Regina IV pass vessel test with noted deficiencies for corrections
By: L.N. Reklai
February 20, 2017 (Koror, Palau) Angaur State boat Regina IV, faces problems after just recently returning from dry dock in Cebu, Philippines on January 19, 2017. The boat, after 20 years in service, was sent there for complete overhaul when funding of $500,000 was made available during the 9th OEK. [restrict]
On February 1, 2017, after a survey and inspection of M/V Regina IV, Division of Marine Transportation issued a determination to Governor Ken Uyehara that the “vessel fit for voyage with respect to the safety of the vessel” but also noted deficiencies that need to be addressed immediately.
According to the noted deficiencies, the new ramp control system fails to meet proper operating parameters. Marine paint grade is failing to prevent aggressive corrosion, damage to life raft due to failure to properly support the life raft, port engine oil pressure and gear pressure box gauge not functioning, excessive oil leakage on starboard engines and filthy bilge requiring entire bilge engine room to be cleaned before inspection and others are cited by the Division of Marine Transportation.
In July of 2015, former Governor Marvin Ngirutang had requested an independent marine inspector Mr. Benito Thomas to assess Regina IV and provide report. In the report, Mr. Thomas gave detailed report of the status of the boat and list of all the required improvements. This list included 2 new engines. The list became the specifications for a bid that Angaur State issued in April of 2016.
According to former Governor Ngirutang, a Transportation Committee was created to review bids and make recommendations to Governor. There were 2 bidders and one was Colorado Shipyard. Both of the bidders recommended overhauling the old caterpillar engines, stating that replacing them with new ones will require reconfiguration of the vessel to accommodate new engines and costs up to $1 million dollars.
Both companies in their bids assured additional 20 years of life with newly overhauled engines and gave one year warranty on them. “The decision was made by the Transportation Committee which was unanimous and was also recommended by then Treasurer Kenneth Uyehara and I supported their decision” stated former governor Ngirutang.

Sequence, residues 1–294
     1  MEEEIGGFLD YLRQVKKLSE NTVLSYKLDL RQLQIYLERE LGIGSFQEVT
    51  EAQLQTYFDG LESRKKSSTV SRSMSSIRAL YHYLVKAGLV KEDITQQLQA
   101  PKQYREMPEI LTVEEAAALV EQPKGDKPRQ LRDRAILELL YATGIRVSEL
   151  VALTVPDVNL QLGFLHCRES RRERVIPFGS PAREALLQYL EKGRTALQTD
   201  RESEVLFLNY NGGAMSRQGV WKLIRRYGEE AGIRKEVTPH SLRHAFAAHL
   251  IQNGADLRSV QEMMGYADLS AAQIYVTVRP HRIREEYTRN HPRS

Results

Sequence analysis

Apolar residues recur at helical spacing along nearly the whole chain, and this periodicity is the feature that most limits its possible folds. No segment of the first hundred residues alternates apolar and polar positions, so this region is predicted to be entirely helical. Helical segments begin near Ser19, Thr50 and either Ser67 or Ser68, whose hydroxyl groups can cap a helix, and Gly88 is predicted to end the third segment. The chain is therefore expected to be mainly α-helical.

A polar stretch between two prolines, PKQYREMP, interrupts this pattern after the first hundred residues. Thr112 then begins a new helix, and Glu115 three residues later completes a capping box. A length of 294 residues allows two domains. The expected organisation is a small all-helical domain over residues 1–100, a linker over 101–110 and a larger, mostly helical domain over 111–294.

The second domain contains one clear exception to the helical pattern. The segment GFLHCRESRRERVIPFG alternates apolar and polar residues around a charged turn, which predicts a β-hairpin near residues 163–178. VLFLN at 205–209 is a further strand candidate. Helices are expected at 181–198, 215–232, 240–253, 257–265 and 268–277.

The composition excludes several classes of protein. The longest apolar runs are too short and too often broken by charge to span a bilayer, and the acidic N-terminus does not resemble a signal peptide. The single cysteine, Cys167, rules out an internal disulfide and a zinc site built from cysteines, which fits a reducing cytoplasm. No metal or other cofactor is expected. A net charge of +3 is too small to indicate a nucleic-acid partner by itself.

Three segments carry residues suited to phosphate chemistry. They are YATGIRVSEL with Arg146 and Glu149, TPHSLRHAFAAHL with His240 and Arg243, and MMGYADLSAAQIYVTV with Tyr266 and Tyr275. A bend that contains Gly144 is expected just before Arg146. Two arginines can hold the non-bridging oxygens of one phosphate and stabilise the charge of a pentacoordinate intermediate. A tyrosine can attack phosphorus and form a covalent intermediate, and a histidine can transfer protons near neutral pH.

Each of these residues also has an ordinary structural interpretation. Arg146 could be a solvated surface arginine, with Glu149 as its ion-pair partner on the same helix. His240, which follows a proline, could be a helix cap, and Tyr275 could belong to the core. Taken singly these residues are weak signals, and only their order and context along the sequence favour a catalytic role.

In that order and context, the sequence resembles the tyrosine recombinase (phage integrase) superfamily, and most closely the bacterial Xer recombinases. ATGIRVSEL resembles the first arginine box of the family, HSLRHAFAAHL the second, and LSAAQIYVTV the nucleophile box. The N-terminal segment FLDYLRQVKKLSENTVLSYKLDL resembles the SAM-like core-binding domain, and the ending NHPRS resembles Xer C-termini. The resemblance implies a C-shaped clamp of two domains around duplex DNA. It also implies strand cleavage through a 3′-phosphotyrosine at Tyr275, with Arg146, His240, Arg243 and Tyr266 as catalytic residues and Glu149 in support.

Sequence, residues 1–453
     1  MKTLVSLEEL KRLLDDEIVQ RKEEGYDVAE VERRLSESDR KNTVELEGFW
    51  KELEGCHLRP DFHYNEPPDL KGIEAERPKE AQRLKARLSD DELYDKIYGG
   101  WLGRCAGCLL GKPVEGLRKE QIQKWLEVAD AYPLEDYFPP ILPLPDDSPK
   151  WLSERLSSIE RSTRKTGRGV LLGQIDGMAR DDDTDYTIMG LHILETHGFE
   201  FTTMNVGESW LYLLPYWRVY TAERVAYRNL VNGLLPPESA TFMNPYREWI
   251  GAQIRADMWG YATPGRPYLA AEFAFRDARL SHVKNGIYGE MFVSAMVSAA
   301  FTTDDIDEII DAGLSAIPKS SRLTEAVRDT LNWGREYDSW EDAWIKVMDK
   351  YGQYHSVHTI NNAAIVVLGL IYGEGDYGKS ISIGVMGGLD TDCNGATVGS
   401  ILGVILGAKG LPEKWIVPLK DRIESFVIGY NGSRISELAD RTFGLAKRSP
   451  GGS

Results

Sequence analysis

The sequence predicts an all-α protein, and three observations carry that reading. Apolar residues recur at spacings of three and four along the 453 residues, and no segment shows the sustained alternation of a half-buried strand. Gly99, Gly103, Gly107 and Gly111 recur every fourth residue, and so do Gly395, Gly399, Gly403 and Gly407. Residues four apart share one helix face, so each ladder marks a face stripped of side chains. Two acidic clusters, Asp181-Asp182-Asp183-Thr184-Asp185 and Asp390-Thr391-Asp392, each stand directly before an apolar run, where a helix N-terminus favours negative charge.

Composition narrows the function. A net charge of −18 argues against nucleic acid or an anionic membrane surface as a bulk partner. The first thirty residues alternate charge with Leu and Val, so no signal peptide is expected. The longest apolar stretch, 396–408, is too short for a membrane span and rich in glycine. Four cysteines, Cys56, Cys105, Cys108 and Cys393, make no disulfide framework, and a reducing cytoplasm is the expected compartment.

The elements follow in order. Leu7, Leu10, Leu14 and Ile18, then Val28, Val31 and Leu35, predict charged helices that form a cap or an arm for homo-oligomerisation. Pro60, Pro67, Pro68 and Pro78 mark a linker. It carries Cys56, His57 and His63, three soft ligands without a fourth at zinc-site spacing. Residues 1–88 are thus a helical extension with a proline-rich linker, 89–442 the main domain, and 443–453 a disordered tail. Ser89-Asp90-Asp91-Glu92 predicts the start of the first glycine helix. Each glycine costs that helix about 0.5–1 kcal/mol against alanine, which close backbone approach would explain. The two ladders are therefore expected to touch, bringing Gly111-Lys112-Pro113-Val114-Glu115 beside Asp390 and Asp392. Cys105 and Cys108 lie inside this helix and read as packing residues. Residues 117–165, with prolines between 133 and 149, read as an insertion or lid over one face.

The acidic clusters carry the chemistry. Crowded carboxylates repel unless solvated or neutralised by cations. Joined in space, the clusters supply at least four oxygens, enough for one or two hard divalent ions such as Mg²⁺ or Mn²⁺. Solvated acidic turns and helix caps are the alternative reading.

“We were advised that it would be crucial to hire someone like Steven Swords to be there in Cebu physically to ensure quality control, otherwise, we would be shortchanged,” added Ngirutang.
Angaur State hired Mr. Swords to oversee the project and according to Ngirutang, Swords was clashing with contractors on quality.
“Toward the end of the work, I urged the Committee to keep the boat in Cebu and send ROP inspectors to test it so that if there were problems they can fix them in Cebu. The Committee thought differently and now we have this situation,” stated Ngirutang.
“If there was any defrauding, it would be from Colorado Shipyard for not meeting its requirements and promises” he added.
The boat arrived in Palau on January 19 through what Governor Ken Uyehara reported “very rough seas”. Upon arrival, it was inspected and found to have rudder tie rod broken. Initially thought to be caused by rough seas but according to Marine Transportation report is due to rudder control system operating under high hydraulic pressure.
Governor Kenneth Uyehara, however, is optimistic that the boat problems are minor and will be repaired soon. In his letter to President Remengesau, he assured him that the boat will resume serving the people Angaur soon and expressed appreciation for Remengesau’s support of Angaur’s “Compact Road”. [/restrict]